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Gravity Well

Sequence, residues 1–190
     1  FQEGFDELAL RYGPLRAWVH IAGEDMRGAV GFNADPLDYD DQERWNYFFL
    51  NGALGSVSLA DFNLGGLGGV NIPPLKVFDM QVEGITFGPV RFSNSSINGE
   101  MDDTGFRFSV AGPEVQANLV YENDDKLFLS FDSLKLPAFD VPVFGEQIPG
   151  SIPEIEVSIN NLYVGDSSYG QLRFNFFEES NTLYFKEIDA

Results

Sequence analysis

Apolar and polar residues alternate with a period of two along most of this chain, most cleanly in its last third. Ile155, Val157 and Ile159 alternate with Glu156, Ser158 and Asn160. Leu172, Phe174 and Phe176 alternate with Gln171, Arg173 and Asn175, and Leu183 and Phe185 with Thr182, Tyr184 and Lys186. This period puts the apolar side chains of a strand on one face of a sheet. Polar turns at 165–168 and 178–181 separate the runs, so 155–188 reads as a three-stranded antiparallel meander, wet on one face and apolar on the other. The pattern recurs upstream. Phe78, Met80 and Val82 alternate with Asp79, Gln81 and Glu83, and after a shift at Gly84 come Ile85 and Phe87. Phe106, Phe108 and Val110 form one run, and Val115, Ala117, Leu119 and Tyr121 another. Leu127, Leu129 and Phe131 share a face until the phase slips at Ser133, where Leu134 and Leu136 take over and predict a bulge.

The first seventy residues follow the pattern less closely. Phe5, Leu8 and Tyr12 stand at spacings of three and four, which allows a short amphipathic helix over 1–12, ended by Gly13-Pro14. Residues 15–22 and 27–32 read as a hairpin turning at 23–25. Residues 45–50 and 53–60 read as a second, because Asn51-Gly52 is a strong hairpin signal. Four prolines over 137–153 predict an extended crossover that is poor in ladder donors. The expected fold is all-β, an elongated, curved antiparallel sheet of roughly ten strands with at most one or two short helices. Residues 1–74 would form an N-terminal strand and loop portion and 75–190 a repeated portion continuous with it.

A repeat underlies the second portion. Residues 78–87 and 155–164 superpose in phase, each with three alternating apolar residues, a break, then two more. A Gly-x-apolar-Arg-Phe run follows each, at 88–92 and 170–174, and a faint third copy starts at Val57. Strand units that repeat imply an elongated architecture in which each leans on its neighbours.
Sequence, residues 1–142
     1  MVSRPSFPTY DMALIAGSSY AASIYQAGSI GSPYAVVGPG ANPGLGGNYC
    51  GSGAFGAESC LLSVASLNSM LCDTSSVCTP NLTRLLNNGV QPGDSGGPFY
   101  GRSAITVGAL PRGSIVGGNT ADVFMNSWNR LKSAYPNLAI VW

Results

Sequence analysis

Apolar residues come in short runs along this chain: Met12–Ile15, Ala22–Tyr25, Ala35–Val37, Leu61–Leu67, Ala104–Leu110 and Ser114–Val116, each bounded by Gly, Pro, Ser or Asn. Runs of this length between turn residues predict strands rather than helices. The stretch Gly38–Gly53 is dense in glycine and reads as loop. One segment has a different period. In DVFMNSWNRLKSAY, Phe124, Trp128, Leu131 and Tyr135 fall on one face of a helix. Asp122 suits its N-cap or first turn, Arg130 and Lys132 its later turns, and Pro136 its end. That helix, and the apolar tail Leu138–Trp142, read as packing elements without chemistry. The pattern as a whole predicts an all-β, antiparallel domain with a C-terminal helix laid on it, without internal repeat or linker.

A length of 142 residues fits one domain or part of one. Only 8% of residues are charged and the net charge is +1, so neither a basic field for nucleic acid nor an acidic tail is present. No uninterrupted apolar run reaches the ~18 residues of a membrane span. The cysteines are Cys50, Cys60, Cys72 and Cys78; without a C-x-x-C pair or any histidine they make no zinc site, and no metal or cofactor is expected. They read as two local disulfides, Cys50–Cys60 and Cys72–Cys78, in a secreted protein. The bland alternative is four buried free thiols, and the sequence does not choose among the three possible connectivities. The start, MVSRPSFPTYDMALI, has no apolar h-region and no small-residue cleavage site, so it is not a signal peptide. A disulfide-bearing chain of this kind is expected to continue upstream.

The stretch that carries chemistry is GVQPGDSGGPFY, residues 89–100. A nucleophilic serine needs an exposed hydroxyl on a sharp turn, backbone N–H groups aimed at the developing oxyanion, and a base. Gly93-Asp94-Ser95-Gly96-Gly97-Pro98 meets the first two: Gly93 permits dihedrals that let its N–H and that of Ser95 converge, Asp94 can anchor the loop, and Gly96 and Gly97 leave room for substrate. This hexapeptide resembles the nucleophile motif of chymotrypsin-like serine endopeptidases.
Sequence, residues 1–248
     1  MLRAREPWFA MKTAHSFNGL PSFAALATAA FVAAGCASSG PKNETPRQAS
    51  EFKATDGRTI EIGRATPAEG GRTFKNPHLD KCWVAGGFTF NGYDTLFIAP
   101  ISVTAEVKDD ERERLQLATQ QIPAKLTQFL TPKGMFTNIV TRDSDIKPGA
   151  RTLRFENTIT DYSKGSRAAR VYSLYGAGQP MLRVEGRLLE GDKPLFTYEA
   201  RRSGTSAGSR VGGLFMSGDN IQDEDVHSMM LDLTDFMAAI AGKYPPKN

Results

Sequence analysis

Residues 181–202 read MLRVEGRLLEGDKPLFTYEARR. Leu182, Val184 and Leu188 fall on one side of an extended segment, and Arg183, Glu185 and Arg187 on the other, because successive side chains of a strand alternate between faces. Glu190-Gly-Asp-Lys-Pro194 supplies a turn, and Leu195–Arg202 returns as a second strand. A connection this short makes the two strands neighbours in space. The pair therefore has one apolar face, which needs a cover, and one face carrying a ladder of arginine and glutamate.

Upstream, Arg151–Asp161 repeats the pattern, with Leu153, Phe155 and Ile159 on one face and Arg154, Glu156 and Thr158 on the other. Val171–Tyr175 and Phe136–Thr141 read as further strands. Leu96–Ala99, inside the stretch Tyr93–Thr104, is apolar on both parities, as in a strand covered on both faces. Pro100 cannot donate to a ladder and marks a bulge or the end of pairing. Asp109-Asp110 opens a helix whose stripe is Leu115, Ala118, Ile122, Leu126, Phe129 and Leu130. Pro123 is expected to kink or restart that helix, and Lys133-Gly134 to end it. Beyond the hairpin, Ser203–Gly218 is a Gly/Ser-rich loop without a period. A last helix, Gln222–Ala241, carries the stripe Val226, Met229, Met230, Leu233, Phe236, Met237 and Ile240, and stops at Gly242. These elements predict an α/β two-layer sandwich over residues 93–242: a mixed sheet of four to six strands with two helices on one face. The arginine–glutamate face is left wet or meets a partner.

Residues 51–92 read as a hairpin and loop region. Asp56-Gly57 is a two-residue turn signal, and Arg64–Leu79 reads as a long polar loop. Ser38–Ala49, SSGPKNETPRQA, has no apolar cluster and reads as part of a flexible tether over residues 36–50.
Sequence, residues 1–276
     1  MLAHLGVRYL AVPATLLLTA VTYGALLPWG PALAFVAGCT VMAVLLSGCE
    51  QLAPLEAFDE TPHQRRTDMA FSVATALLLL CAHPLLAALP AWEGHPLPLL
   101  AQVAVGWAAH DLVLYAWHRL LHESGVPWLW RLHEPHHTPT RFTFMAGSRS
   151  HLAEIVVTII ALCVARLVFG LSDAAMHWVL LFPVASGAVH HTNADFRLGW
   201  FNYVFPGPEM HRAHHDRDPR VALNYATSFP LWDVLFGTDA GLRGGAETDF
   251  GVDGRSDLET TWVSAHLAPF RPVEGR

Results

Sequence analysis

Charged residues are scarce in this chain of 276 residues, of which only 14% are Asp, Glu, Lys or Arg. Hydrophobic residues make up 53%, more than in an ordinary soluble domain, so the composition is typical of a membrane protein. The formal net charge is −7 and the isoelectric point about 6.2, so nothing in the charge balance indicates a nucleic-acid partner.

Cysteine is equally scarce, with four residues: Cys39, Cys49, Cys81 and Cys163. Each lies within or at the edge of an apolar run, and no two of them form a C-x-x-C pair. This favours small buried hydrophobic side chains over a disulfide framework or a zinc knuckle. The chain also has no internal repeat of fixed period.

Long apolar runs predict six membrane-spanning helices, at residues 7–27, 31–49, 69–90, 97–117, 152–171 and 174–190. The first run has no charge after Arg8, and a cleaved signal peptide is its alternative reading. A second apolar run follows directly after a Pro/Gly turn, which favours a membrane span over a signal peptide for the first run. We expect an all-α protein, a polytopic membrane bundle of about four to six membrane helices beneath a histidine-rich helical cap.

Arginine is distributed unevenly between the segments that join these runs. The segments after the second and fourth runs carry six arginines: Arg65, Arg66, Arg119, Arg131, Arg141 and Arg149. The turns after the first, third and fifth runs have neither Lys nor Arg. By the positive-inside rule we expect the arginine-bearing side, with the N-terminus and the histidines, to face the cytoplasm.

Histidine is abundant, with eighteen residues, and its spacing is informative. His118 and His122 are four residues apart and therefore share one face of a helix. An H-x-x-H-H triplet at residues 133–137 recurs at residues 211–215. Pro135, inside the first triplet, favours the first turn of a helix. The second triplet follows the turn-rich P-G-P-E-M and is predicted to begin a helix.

A gravity well or gravitational well is a conceptual model of the gravitational field surrounding a body in space – the more massive the body, the deeper and more extensive the gravity well associated with it. The Sun is very massive, relative to other bodies in the Solar System, so the corresponding gravity well that surrounds it appears "deep" and far-reaching. The gravity wells of asteroids and small moons, conversely, are often depicted as very shallow. Anything on the surface of a planet or moon is considered to be at the bottom of that celestial body's gravity well, and so escaping the effects of gravity from such a planet or moon (to enter outer space) is sometimes called "climbing out of the gravity well". The deeper a gravity well is, the more energy any space-bound "climber" must use to escape it. In astrophysics, a gravity well is specifically the gravitational potential field around a massive body. Other types of potential wells include electrical and magnetic potential wells. Physical models of gravity wells are sometimes used to illustrate orbital mechanics. Gravity wells are frequently confused with embedding diagrams used in general relativity theory, but the two concepts are distinctly separate, and not directly related.